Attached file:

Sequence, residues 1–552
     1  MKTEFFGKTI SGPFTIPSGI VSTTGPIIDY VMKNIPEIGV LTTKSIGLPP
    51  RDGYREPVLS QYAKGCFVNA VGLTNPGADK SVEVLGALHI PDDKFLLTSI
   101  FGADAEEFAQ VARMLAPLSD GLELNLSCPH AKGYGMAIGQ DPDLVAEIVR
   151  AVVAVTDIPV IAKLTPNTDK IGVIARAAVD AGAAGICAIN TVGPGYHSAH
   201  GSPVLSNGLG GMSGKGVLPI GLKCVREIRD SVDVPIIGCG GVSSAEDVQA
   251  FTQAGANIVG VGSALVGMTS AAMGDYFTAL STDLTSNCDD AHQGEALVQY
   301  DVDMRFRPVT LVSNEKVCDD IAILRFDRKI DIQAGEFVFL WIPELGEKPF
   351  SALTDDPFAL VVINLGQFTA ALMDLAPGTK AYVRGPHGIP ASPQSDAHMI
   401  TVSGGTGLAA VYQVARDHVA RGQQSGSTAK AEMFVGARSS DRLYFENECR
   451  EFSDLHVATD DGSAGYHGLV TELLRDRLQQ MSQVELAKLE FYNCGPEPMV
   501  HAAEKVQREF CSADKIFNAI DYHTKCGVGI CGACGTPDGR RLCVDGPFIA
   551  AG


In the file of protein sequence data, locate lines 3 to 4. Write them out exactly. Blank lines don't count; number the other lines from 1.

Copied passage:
    51  RDGYREPVLS QYAKGCFVNA VGLTNPGADK SVEVLGALHI PDDKFLLTSI
   101  FGADAEEFAQ VARMLAPLSD GLELNLSCPH AKGYGMAIGQ DPDLVAEIVR